When Brother Cephus came into Jacksonville this winter, we had a chance to sit down with them in a scuzzy bar on Edgewood Avenue. I don’t even know if it had a name. It certainly felt nameless. Radio rock crackled through the speakers, and I asked them how they got started as a band.
Seth Davis: We really just wanted to write songs together. In the last year or so, it started to shift from “Oh, we want to get drunk and play home shows,” to gaining a little momentum and deciding maybe we don’t want to work in coffee shops, you know, forever. Normal life is good, but we were stoked to get these songs we have out there.
Perversion Magazine: Was it when you were writing for your most recent EP, Noise, that you realized there was something here?
SD: I think it was after Noise. That was our third collection, and we were gaining momentum. We really wanted to focus on releasing as many songs as possible over a year, without necessarily releasing a full-length record. That was the idea with the collections.
Gabe Davis: I think Noise was probably the first collection that we worked through back catalogs of stuff we had written over the years. Noise was the first time that I thought that maybe Brother Cephus is forming an identity, as opposed to just having songs.
PM: How would you describe that identity?
SD: Coming from where we started, it was just about daily life. When I try to look at it lyrically, or what we try to represent through our music, it’s more of a raw, daily life thing. We’re not a band that feels like we write pretty music or poppy music. If there was a goal, it’s just being a couple normal dudes. Most of our songs are about—and especially with the new stuff we’re writing—what it’s like to be mid-20s, paying taxes, figuring out how to pay your rent, and not trying to get drunk every night. You know what I mean? I think there’s not a lot that we can write other than our normal lives.
PM: You write what you know.
GD: I think part of it, too, is that we’re very concerned and active about what we believe in, but to us, [music] is sort of an escape, so we do speak towards daily life and how the societal temperature at any time affects us.
SD: I think that’s why the word “Noise” fit the collection so well. When we think of noise, it’s like all the shit that’s going around.
PM: Do you still work while you’re in the band?
SD: Yeah, we all have day jobs. We’d like to actually keep it that way. I think that’s one thing that we were sick of. When you’re touring and you don’t have a normal job, there’s no normal life. Your home isn’t home. And traveling’s sick and stuff, but I think for us, a normal job to keep in a routine, forever, would be sick in some form also.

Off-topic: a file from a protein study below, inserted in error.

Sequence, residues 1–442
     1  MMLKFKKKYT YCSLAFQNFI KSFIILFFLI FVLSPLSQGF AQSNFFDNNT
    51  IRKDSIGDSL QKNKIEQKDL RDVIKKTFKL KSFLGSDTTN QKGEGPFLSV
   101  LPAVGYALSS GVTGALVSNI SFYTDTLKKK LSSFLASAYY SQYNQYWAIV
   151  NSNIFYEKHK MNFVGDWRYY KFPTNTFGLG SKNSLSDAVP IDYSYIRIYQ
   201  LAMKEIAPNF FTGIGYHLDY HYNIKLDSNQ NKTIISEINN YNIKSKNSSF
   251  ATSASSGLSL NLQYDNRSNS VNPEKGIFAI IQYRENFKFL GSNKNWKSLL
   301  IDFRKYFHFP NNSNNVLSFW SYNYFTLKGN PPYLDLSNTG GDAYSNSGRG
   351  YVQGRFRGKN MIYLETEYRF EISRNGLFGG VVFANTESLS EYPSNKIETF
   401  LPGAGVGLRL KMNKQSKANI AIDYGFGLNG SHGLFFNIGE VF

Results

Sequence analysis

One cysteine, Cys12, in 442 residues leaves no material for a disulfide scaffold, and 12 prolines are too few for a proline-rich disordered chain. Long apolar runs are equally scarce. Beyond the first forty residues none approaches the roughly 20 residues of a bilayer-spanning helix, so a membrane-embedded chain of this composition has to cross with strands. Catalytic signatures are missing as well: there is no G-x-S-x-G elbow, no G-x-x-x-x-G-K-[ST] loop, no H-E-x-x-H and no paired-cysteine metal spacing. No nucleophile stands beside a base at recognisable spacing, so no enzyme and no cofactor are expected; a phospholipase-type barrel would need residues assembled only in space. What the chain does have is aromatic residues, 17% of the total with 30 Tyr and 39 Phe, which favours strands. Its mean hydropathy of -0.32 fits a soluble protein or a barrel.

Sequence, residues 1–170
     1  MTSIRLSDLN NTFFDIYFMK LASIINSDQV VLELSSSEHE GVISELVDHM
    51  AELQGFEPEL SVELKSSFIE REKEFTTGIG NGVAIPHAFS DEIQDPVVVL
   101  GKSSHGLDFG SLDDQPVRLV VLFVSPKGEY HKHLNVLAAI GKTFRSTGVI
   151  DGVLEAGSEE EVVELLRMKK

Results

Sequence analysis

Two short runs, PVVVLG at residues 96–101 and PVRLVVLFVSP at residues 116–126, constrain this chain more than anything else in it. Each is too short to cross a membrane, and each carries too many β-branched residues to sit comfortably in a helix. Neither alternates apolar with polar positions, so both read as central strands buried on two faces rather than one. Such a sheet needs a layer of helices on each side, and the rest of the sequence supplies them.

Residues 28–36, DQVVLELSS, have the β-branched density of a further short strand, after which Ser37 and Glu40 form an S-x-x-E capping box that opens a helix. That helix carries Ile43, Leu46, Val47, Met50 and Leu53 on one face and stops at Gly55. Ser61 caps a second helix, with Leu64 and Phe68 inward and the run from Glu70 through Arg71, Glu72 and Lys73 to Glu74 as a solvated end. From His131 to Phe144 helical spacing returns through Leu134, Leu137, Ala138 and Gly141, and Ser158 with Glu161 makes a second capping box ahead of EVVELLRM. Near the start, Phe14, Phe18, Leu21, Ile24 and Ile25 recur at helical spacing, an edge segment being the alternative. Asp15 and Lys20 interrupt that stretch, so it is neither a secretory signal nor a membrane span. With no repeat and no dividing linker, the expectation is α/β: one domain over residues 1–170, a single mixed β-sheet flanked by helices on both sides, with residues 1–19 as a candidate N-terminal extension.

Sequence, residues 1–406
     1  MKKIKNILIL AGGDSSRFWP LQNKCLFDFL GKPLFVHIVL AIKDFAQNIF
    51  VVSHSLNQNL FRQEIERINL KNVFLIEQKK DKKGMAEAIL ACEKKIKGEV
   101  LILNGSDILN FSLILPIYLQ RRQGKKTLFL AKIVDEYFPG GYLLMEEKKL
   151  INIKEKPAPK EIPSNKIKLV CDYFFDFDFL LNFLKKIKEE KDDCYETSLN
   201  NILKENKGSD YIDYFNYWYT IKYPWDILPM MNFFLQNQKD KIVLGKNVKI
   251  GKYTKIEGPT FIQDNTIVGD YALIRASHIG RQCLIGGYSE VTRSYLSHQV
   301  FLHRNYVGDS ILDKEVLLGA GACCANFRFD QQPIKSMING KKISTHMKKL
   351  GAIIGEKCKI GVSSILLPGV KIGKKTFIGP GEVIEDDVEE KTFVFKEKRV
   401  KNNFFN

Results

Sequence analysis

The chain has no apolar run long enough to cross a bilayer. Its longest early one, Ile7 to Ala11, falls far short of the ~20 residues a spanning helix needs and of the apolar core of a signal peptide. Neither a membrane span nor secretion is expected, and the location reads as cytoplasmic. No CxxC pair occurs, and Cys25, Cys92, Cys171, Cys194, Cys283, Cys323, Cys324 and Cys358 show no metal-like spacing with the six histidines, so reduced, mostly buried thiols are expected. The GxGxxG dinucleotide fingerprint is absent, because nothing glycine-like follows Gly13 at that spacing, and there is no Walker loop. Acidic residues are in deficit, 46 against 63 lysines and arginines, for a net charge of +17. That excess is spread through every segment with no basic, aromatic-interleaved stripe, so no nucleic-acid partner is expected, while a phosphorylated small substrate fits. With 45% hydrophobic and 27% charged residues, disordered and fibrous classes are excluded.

PM: There’s something to this idea of people in their mid-20s wanting to be creative and put something out there, but also still sticking to this sense of normalcy—having a job and living a “life”—and then in their free time, trying to make the creative thing. Rather than trying to make the creative thing the normal life.
SD: Yeah, because the creative thing just turns into a job. I was listening to a podcast yesterday where Reggie Watts was saying that when he was playing music through college, all his friends would be like, “Man, you get to relieve stress by playing music.” But the practice can become stressful when it’s the job. I don’t want to go out to the mountains in Denver and write a record, because that’s not life.
PM: So if that isn’t the goal then, to make the band highly successful—though, certainly you would be okay with that—
SD: Of course.
PM: But if that isn’t the goal, what is? A form of stress relief? Because it’s fun?
SD: I think it’s a mix of that. The talks of it was wanting to play music together with my brother. It sounds cheesy, but making good art and saying what you want to say.
GD: That’s been the goal from the beginning. Making and releasing as many things as possible. That’s been a trap we’d seen in previous bands where you do the traditional cycle of doing a full-length every year, then you tour the shit out of it and then you’re sick of the songs. We’re all sick of our songs by the time we release them almost, so for us, a big key is figuring out the ability to continually be creative. We haven’t put something out in months, but of the nine songs we’re playing tonight, only three of them are already released.
GD: I feel like every day, I’m trying to find the positivity in it, but it’s not always about being a positive band or hopeful. Trying to find the silver lining and yearning, that earnestness.
PM: It feels like a form of therapy almost?
GD: Oh, Absolutely.
SD: It goes back to what we were saying because it’s not a job. This is a comfortable place. We practice and fuck around with writing for a bit. It’s like a meaningful video game. What you’re putting out is something you need and want to do, but you can kind of zone out for a couple hours for it.
PM: What does the band name mean?
SD: We take ourselves seriously and try to be careful, but we also like to bullshit and hangout. “Brother Cephus” was initially some funny character I did when we were drinking and stuck in vans for hours just to lighten the mood. Then we booked our first show and didn’t have a name, so our friends just named us that after the character. And it stuck.
PM: It sounds almost religious.
SD: Some people have asked that, and some people have thought it was a deliberate play on the fact that we’re brothers, but we’re not smart enough for that.
GD: We’ll take the credit, though.
Brother Cephus will be playing at the Mockshop Music Exchange on Thursday, April 27th with BOYTOY and The Mother Gooses.